Patients, families define survivorship
Survivors and families explain what surviving pediatric cancer means to them
Cancer survivor! These two words bring on a range of emotions to those whose lives have been stirred by this horrible disease. You have conquered a daunting battle. You have overcome innumerable obstacles. You feel honored to have the opportunity to celebrate each moment of life. You are part of an elite group who can proudly boast this title. But at what point do you begin to call yourself a childhood cancer survivor?
Some believe that survivorship begins as soon as you complete your final course of treatment and are labeled “cancer-free” by your doctor.
Others say that once you have been cancer-free for five years, when the risk of recurrence is very low, you are truly a survivor. Many more think that survivorship is a journey that begins at diagnosis and includes living with, through, and beyond cancer.
The definition of survivorship really lies in the hearts of those who call themselves cancer survivors. What does survivorship mean to you? More importantly, how are you going to mold your status as a childhood cancer survivor into something positive? Your journey as a survivor may be a private one in your own heart, or a public one that involves family, friends, and strangers. It may motivate you to simply smile at least once a day, or perhaps you are inspired to raise awareness for childhood cancer. It is possible that you don’t often think about being a survivor because you were too young to remember your treatment. If you consider yourself a survivor, you are one. Whatever spark of emotion you feel when you hear those words is what survivorship means, because you are a survivor, and this is your journey.
What Survivorship Means to Our Survivors and Their Families
“Survivorship is the best gift I could have ever had; a gift that I don’t take for granted. It has helped to lead me down a meaningful path [and is] the reason that I appreciate every day. When things aren’t going right I can take a step back and realize it’s not that big of a deal.”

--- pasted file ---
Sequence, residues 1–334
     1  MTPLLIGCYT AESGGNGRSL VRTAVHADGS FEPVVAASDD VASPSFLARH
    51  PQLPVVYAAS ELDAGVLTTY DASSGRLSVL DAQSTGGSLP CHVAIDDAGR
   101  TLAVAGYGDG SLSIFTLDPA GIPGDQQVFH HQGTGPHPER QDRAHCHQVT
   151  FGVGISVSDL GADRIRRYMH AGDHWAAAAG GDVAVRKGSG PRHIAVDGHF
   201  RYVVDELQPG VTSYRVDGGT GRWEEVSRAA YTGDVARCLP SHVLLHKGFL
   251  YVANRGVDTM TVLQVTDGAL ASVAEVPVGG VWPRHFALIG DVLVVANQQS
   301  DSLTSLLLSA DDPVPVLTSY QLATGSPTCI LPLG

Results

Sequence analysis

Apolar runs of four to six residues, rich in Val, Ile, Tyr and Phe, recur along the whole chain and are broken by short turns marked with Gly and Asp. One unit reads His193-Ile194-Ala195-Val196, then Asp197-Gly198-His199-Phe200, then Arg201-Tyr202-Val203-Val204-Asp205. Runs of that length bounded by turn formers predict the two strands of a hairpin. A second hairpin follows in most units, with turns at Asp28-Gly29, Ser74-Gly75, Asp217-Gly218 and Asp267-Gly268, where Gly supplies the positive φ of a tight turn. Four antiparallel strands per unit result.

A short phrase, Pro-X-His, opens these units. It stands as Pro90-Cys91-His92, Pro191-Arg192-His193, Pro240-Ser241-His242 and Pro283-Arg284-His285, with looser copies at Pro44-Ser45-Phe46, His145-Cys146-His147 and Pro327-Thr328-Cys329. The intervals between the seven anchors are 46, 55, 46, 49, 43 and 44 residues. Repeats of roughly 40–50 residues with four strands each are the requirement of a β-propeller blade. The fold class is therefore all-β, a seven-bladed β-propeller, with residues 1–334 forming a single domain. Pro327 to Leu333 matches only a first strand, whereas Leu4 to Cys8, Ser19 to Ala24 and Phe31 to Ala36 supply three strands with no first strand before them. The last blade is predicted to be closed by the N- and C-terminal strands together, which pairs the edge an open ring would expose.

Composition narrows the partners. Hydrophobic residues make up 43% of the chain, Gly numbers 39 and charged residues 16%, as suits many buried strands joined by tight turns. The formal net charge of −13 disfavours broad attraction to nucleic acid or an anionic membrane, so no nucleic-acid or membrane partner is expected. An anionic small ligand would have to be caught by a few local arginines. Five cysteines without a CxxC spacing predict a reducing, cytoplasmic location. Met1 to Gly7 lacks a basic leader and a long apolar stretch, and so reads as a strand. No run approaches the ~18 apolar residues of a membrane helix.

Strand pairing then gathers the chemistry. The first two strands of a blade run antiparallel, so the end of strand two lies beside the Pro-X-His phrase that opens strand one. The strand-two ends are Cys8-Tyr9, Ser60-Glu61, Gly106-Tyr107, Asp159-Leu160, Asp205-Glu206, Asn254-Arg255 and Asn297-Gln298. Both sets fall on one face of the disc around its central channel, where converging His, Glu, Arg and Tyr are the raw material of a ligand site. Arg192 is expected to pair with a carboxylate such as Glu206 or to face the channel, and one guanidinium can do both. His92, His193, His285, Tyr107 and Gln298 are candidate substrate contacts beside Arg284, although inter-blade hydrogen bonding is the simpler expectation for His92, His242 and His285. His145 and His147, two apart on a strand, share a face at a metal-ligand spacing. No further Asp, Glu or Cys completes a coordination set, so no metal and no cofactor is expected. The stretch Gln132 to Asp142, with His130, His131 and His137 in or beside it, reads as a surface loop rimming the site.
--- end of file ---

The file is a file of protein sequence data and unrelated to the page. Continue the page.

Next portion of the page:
– 58-year-old mother of a 35-year-old survivor of acute lymphoblastic leukemia
“Survivorship to me is living my life to the fullest, as each day is a gift from God.”
– 26-year-old survivor of chronic myelogenous leukemia
“It means to just keep fighting.”
– 11-year-old survivor of medulloblastoma
“It makes me glad that I survived – mostly every time [I think about it].”
– 7-year-old survivor of acute myelogenous leukemia
“Survivorship means to have faith and trust that things will get better. When you survive something it becomes a strength, and helps build you as a person. It gives you hope that you didn’t have before; everyone has fears in life, but when you survive something that you never thought you could, your outlook on everything is changed. After surviving childhood leukemia, I look at life completely different. Life is a gift and whatever comes along, you have to be ready. Just have faith and no matter the outcome, you’re still a survivor.”
– 22-year-old male survivor of acute lymphoblastic leukemia
“It helps you look at the world in a different way. It opens your eyes to what people go through in their lives. It makes you grateful for the people who helped take care of you.”
– 13-year-old survivor of non-Hodgkin’s lymphoma